Straining on the banister railing I leaned over to peer where Ron was pointing his flashlight.
“That there is Saint Paul.” Ron explained, “Its original, the building was built in the 1850’s and we never took it down.”
Following the beam of light, there tucked behind the towering chrome tanks was a giant portrait of the saint. Dusty and faded the saint stared back stoically from a gold rimmed frame.
It was hard to believe I was standing in the center of a modern brewery rather than a museum or abandoned relic. Though, that is what the Taft Ale House could have been.
“Used to be one of oldest evangelical churches in Cincinnati.” Ron, one of the brewery’s bartenders and self proclaimed history buff explained. “We did a lot of work on it. Was wrecked by a fire, the roof was pretty much caved in.”
Looking around at the high ceilings from the mezzanine of the old church there was no indication that the building had been by ravaged by fire, time, or otherwise. The Taft Ale House team did a remarkable job restoring the church to its former glory. Hand carved banisters, restored glass, sleek wooden floors and brilliant low hanging chandeliers all graced the revived building.
After taking in the architectural work, Ron dipped further into the ale house’s and neighborhoods history. In the heart of Cincinnati’s historic Over-the-Rhine district Ron described an era alive with German immigrants with a passion for brewing beer. Taprooms, bierhauses, and pubs were the norm as the city was teeming with Germans practicing their craft. As the country powered into the 20th century Cincinnati and Over-the-Rhine were soon changed forever, seemingly overnight. With the passing of prohibition the many bierhauses were outlawed and abandoned. The economy of the neighborhood declined and as the country was dragged into the global struggle of the First World War Germans at home became antagonized and cast as villains. It wasn’t long before the protestant congregation relocated and abandoned the church.
Sitting down at the bar to a small row of beer, I listened at and let Taft Ale House’s love affair with history continue. That love affair just so happened to focus on Cincinnati native and 27th President of the United States, William H. Taft. It soon became apparent that the essence of Taft was infused into everything from the alehouse décor to the beer in my pint glass.
The Gavel Banger, an American IPA and reference to Taft’s time as Chief Justice of the Supreme Court is a refreshing and juicy pale. Dry hopped with Amarillo, Citra and Simcoe hops it is well rounded from get-go to finish with just the right amount of bitter bite. Sourcing coffee from local provider Deeper Roots, the milk stout, Mooly Wooly takes this infusion of coffee and oats to make a heady and delicious stout. The name of course is a nod towards Taft’s pet cow that once could be seen cropping the grass of the White House lawn.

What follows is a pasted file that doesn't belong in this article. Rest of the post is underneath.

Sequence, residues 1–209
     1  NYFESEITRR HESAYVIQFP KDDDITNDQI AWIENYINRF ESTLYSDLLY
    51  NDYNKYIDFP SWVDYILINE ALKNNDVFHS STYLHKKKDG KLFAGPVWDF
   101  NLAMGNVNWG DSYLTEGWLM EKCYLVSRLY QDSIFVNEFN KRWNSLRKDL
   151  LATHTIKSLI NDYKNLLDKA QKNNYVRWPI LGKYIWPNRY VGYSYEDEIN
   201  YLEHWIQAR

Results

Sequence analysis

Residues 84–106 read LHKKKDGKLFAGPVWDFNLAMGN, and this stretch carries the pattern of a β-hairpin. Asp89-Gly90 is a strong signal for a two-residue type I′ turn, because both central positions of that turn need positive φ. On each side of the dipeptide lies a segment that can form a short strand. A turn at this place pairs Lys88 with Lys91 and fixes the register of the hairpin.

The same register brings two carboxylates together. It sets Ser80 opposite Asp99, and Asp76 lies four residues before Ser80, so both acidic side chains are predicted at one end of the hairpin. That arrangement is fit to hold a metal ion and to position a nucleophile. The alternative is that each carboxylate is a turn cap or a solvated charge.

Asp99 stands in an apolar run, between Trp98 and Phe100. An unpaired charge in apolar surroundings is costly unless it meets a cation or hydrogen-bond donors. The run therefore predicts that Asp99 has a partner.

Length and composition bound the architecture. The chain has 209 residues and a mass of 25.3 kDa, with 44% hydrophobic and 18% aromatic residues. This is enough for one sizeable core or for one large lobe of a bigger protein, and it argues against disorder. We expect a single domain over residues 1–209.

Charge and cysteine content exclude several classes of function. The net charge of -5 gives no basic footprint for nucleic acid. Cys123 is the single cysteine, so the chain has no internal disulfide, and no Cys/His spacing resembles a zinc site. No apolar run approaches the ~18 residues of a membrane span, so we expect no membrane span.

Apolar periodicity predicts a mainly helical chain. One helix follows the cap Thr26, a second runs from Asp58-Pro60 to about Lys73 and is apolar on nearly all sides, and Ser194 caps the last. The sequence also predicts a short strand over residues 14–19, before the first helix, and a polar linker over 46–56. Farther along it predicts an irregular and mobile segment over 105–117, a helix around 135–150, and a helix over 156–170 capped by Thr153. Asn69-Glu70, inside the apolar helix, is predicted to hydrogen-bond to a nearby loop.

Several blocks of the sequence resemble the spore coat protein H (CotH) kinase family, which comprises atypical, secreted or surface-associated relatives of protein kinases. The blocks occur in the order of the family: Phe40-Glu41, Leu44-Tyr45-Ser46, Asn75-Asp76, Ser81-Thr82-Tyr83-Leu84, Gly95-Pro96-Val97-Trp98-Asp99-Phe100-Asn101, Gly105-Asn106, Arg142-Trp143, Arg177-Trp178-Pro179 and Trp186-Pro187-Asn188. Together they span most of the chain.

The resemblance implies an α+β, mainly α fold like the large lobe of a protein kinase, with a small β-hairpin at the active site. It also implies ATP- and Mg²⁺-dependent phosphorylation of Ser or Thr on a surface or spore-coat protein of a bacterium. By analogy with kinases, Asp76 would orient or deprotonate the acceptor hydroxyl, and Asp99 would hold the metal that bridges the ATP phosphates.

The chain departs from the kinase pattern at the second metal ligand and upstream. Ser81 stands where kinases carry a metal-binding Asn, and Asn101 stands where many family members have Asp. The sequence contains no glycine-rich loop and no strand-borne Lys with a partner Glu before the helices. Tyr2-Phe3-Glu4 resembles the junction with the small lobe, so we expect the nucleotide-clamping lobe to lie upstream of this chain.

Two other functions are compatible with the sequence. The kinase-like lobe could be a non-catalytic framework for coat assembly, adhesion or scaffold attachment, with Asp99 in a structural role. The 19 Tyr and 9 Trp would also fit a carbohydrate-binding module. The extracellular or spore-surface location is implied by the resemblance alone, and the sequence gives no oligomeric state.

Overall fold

In homage to Taft’s wife I picked up a glass of Nellie’s Key Lime Caribbean Ale. A wheat beer at heart Taft’s Ale House brewed it straight with key lime juice and hints of coriander. The result was a drinkable and fruity beer worthy of sipping on any hot summer day. My favorite, and reference to Taft’s birthplace Mt. Auburn Winter Brown is a seasonal ale brewed with mushroom and maple syrup. The combination adds a hint of sweetness to the nutty brown flavor.
To compliment the lineup of beer, Taft’s Ale House has a full menu of delicious pub fare. Tri-tip steak, au jous, and fresh grilled salmon all graced the menu. Sides of mashed potatoes, soups, and alehouse style onions all make for hearty meals that accompany the choices of beer well.
As I departed the alehouse I was struck by Taft Ale House’s dedication to the local presidential hero as well as their devotion towards local history. The magnificent work done on the Episcopal Church combined with their solid arsenal of beer makes Taft Ale House a worthy revival into the Over-the-Rhine neighborhood.
I couldn’t help but chuckle at the brewery’s logo as I passed through the door. A silhouette of the portly president lounging in the infamous bathtub he allegedly got himself stuck in. The image showed the president holding a mug of beer high. I imagine it as a toast towards Taft Ale House, its beer, atmosphere, and food worthy of the legendary 27th president and any of his successors.
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